Sgt. Zack, a hard-bitten U.S. Army Infantryman battling Communist North Koreans in the Korean War, is the sole survivor of an enemy attack on his regiment. A bullet hole in Zack's helmet serves as a grim reminder that he narrowly escaped death. When the sergeant regains consciousness, he finds a young Korean boy with an M-1 rifle surveying the scene of the massacre. The boy, an orphan from South Korea, whom Zack names "Short Round," wants to be Zack's friend and insists on scouting for him on his search for the enemy lines. Zack is reluctant to let the boy travel with him, but consents to the arrangement until he can deliver Short Round to safety. On their dangerous journey through the war-torn territory, Zack and Short Round come under attack from two Communist guerrilla soldiers disguised as women praying at a religious site. After killing the two guerrillas, Zack and his charge encounter Corp. Thompson, a black medic who is also the sole survivor of a North Korean attack on his platoon. Thompson joins Zack and Short Round and the three continue their search for the front lines. They eventually encounter an American patrol regiment under the command of Lt. Driscoll, whom Zack knows and dislikes. As Driscoll is in need of an experienced soldier to help his patrol set up an observation post at the front, he offers to put aside his differences with Zack and asks him to join his regiment. Zack initially refuses to join the patrol but changes his mind following a sniper attack by Communist guerrillas. Zack continues, however, to hold his opinion that the men in Driscoll's unit are mere amateurs, especially Priv. Baldy, who carries a music box with him, and Priv. Bronte, a conscientious objector in World War II. Soon after Driscoll's unit and Zack's companions set up their observation post at an apparently deserted Buddhist temple, they come under a surprise guerrilla attack. In the ensuing battle, a Communist officer from Manchuria is taken prisoner by Driscoll, who intends to deliver his prized capture to his base. During his captivity at the observation post, the Manchurian officer tells Driscoll's Japanese-American sergeant, Tankaka, that he should be ashamed of his allegiance to a country that interned his people during World War II. Tankaka ignores the prisoner's words, prompting the prisoner to call him a "dirty Jap rat." While Driscoll's unit prepares to clear out of the observation post and return to camp, they are attacked by snipers and Short Round is killed. Motivated by a desire to avenge the boy's death, Zack kills the Manchurian officer in cold blood. The situation looks bad for the Americans, as a large Communist force is making its way to the temple, but they are saved by the arrival of a U.S. Infantry platoon. In the ensuing battle, however, Driscoll is killed and Zack is injured. Following the defeat of the Communists in the battle, the Infantry division escorts Zack, Thompson and the remaining men in Driscoll's unit back to camp. +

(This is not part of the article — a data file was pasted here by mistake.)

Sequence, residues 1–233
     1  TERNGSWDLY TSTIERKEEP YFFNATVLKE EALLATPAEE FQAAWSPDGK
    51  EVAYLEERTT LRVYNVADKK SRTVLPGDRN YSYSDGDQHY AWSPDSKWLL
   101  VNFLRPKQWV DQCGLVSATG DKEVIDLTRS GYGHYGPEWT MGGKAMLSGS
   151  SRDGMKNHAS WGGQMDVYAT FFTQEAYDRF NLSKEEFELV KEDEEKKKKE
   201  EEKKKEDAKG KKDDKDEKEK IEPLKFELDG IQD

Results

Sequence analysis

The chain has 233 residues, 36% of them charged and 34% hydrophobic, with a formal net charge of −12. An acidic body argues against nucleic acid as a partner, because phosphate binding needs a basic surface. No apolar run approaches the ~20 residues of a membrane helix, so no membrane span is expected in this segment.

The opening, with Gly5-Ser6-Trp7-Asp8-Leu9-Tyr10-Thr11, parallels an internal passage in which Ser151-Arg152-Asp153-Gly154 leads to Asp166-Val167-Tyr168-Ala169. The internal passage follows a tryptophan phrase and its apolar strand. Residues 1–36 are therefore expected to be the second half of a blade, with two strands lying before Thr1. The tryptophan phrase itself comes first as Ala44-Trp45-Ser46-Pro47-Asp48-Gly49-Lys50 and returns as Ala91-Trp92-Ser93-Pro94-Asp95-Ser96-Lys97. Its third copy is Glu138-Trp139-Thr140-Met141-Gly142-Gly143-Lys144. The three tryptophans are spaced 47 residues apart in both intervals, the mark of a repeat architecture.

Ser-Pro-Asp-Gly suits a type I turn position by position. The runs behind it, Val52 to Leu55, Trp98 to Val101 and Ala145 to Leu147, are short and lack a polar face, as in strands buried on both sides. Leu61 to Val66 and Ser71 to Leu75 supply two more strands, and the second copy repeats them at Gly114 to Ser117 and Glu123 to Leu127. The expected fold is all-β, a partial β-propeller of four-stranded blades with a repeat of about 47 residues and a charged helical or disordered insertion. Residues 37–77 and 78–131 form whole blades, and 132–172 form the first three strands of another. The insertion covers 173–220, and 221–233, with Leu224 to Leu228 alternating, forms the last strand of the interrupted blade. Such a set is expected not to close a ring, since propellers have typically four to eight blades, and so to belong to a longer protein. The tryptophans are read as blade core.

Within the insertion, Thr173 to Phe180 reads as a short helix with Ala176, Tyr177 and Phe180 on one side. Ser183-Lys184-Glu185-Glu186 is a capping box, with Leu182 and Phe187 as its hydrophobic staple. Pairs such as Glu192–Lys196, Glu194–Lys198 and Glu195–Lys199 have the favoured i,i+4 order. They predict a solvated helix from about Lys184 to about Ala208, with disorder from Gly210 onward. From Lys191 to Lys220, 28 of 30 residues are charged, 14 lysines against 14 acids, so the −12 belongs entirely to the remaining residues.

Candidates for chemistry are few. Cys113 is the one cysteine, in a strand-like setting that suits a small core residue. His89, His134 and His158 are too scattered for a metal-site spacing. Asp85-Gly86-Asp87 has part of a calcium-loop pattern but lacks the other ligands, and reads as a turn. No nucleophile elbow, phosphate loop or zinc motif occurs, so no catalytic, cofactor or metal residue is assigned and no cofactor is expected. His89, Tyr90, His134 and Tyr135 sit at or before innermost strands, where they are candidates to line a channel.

Legend
Viewed by AFI
Partially Viewed
Offscreen Credit
Name Occurs Before Title
AFI Life Achievement Award

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The American Film Institute is grateful to Sir Paul Getty KBE and the Sir Paul Getty KBE Estate for their dedication to the art of the moving image and their support for the AFI Catalog of Feature Films and without whose support AFI would not have been able to achieve this historical landmark in this epic scholarly endeavor.